Painted Ladies by Robert B. Parker
Oh dear. Parker died recently and this was published posthumously. The claim is that the book was probably written just prior to his death. My gut feeling is that it might have been started before his death, but was finished by someone else. The book just feels very, very different. Even when Parker was off his game (which, alas, he often was over the last 10 years), his writing itself had a kind of sparkle (although repetitive usage of the same tropes). This one seemed like the sparkle was missing, although most of the tropes were shifted a bit. A strange book, overall.

Harry Potter and the Deathly Hallows by JK Rowling
This little gem of a novel was published with little fanfare and remains largely unknown by the reading public, which is unfortunate, because I'm sure if the publisher and the media had just gotten behind this book and given it a little bit of exposure it could have gained a much larger readership.

Hard Rain by David Rollins
Rollins is a wonderful writer. An Aussie writing about Special Agent Vin Cooper, who is an investigator with the U.S. Air Force, the voice is great, the plots intricate and fast-paced, and they're wildly great fun rides. This is the third book to feature Vin Cooper. Overall Rollins reminds me of Nelson DeMille, which is saying a lot. In this one Cooper and his partner Masters are sent to Turkey to investigate the bizarre murder of a military attache. Highly recommended.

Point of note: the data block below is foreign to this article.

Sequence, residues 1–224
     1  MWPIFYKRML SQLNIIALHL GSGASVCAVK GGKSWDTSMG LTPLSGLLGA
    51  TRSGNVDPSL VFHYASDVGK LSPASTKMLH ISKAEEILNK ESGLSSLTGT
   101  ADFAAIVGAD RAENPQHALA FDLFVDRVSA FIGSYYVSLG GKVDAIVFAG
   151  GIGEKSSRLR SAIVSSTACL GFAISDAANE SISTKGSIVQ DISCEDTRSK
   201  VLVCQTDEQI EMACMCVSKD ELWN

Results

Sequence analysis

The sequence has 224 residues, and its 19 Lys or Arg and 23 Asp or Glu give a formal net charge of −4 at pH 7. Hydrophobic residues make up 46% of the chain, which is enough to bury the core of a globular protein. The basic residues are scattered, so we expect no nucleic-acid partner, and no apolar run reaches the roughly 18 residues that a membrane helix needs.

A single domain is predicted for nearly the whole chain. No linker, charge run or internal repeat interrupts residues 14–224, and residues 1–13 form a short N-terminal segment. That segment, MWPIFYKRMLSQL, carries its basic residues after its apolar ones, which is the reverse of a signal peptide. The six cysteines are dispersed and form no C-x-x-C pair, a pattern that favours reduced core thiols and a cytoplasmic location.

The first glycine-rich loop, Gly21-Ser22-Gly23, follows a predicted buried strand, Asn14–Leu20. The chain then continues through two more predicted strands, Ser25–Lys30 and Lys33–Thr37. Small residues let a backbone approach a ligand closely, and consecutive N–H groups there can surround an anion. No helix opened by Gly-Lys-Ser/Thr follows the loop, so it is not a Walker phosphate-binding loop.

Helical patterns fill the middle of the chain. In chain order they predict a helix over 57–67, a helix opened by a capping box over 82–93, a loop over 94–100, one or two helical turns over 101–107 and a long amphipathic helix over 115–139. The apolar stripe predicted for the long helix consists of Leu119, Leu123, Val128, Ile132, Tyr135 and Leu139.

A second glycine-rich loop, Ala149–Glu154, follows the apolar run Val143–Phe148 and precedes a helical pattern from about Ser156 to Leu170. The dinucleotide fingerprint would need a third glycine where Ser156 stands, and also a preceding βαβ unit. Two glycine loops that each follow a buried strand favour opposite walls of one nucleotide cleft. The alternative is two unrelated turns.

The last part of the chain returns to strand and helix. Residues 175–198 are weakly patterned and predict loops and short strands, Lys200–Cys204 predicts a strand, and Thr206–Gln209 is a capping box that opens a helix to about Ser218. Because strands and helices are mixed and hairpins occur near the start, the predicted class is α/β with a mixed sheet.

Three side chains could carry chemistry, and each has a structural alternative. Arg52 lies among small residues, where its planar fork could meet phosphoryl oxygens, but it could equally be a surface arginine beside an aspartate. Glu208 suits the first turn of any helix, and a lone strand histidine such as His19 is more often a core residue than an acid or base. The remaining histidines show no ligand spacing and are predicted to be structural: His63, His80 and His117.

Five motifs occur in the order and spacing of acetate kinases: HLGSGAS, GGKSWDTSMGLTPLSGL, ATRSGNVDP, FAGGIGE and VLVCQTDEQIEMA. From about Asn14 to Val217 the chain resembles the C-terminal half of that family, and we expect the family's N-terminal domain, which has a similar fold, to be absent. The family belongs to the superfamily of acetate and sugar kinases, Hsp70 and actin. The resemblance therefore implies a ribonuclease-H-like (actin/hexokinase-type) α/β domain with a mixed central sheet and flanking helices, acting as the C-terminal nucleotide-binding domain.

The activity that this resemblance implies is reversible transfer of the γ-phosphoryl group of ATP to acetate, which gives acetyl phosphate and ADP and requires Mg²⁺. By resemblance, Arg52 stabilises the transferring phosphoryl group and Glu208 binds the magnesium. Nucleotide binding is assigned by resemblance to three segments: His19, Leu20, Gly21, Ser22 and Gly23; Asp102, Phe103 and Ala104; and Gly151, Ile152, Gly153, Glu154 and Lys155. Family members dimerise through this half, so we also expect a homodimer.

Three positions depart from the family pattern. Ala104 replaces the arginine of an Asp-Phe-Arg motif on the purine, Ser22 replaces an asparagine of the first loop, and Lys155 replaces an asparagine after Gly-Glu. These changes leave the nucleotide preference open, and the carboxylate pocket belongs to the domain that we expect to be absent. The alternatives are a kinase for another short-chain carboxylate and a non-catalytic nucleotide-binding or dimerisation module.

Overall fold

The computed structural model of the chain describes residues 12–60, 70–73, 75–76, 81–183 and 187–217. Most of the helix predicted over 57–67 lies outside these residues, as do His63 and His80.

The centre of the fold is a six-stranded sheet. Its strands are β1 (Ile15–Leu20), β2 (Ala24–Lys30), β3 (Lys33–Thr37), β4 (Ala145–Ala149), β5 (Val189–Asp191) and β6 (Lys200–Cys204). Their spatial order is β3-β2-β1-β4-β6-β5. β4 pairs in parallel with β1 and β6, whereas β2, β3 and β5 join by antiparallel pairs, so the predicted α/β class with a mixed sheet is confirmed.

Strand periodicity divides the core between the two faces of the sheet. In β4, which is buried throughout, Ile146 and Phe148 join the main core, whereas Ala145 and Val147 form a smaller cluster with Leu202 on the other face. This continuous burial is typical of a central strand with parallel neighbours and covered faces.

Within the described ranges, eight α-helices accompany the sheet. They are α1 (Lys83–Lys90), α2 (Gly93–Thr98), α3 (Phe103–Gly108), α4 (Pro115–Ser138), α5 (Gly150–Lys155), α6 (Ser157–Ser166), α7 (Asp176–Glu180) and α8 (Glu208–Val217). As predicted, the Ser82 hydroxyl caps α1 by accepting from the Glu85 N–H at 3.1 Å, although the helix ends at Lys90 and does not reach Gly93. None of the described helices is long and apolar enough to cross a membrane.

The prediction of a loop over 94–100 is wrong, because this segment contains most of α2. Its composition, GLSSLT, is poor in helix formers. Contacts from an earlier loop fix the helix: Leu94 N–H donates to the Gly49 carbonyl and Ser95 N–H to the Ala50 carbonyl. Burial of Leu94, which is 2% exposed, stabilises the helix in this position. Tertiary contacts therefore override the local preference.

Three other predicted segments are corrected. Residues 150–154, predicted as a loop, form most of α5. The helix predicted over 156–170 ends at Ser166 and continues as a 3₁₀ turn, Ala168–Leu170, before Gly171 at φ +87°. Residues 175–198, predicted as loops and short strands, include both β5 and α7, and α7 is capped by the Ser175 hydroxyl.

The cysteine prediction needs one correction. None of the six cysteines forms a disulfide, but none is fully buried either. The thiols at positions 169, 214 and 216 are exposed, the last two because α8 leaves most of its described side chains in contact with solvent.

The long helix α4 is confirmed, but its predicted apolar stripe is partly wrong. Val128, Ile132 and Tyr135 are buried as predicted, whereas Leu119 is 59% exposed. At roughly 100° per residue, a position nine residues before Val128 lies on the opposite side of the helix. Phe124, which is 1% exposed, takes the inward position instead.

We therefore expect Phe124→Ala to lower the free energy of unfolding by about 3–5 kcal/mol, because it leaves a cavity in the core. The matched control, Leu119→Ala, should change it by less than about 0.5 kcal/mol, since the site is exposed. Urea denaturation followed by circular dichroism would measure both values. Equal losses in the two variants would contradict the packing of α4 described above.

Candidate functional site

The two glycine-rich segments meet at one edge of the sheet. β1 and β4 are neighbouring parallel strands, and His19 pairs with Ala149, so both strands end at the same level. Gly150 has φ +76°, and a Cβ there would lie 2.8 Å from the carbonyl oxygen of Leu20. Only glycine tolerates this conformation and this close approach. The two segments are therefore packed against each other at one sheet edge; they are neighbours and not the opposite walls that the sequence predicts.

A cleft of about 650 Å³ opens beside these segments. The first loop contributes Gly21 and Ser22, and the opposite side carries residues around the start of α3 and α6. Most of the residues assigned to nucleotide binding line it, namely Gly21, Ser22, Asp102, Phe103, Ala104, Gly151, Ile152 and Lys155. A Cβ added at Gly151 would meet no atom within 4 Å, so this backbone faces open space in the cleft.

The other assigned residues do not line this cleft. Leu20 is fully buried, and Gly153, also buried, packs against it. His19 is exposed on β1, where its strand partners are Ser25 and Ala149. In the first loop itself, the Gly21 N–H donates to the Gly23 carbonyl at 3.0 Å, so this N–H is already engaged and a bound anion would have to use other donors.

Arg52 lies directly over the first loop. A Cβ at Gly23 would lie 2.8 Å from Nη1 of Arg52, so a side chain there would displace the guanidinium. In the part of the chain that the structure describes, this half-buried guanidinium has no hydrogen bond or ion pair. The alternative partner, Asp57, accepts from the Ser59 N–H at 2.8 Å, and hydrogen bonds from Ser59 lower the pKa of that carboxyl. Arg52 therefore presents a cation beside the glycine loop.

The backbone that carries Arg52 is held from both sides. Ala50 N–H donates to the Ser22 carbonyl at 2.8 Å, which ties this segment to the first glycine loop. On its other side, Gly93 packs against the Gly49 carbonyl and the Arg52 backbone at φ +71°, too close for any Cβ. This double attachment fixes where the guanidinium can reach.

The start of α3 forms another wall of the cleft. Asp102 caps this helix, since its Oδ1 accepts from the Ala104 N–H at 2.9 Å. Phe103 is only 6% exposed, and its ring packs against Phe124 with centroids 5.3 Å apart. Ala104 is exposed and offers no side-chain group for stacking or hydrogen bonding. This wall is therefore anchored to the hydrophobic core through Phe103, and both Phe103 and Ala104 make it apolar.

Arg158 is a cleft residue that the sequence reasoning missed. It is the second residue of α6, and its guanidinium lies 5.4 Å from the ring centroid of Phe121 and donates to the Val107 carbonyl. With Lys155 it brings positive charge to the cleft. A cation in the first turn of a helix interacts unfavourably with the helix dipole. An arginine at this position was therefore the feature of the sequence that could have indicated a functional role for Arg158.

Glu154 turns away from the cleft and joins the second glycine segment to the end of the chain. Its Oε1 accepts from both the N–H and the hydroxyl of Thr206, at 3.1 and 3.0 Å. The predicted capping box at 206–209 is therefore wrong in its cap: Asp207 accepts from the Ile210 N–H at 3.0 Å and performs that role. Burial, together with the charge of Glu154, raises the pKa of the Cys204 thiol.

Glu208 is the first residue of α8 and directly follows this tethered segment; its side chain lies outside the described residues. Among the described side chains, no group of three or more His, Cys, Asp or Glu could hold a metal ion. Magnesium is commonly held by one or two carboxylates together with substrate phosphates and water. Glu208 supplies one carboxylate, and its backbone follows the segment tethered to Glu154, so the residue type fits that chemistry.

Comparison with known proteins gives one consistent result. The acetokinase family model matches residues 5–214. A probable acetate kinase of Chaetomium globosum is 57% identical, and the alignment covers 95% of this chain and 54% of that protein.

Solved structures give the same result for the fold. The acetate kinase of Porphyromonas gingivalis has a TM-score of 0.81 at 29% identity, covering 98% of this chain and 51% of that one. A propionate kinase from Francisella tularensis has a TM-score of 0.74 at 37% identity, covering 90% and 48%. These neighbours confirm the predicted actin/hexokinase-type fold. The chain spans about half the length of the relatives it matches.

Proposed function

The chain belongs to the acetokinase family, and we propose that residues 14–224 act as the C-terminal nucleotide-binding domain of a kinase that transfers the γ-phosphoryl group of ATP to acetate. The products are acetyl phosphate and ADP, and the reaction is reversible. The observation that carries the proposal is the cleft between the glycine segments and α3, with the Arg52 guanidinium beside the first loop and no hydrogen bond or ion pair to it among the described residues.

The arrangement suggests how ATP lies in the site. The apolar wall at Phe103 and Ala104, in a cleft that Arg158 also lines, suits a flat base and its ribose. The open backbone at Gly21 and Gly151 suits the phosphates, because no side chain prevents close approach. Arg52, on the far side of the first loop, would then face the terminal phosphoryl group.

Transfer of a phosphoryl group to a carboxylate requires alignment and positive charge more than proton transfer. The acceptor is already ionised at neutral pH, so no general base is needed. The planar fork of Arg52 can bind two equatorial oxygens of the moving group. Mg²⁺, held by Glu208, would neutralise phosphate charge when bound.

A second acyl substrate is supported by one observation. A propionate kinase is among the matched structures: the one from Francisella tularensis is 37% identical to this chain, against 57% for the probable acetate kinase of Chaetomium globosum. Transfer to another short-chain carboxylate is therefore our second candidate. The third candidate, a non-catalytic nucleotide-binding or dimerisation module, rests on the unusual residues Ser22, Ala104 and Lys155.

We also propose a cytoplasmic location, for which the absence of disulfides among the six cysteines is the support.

Crossfire by Dick Francis & Felix Francis
Somehow I didn't write this down on my list anywhere. This was the final novel written while Dick Francis was still alive, with his son Felix. I've thought the books they wrote together have been a bit mixed, although generally pretty good. There were a few of Dick's books written toward the end of his wife's life that I didn't think were all that great (Stormy Weather comes to mind, and Shattered is very uneven), but I thought this novel was pretty much vintage Francis and if Felix can continue writing novels as good as this one, I'll be a happy camper.

Hey, what've you been reading?


Blogger Jude Hardin said...

I'm currently reading I'd Know you Anywhere by Laura Lippman. It's not really a thriller, but the writing is very eloquent and the subject matter thought-provoking.

6:20 AM  
Blogger Mark Terry said...

I've read some of Laura's stuff. She's a good writer. Doesn't really push my buttons, but I have a lot of respect for her.

6:24 AM  
Blogger sex scenes at starbucks, said...

LMAO about Harry Potter. You're so funny.

1:49 PM  
Blogger sex scenes at starbucks, said...

I'm reading THE PERICLES COMMISSION by Gary Corby, a fantasy GRYPHON KING by my friend Mackay Wood.

In the past 2 weeks I've read BUTCHER BIRD and KILL THE DEAD by Richard Kadrey, WOLF'S CUB by Mackay Wood, and the 20 stories in our hold for voting, which is basically like reading 3 short story magazines. They're all good.

Only about 30 more TBR books left...

1:54 PM  

Post a Comment

<< Home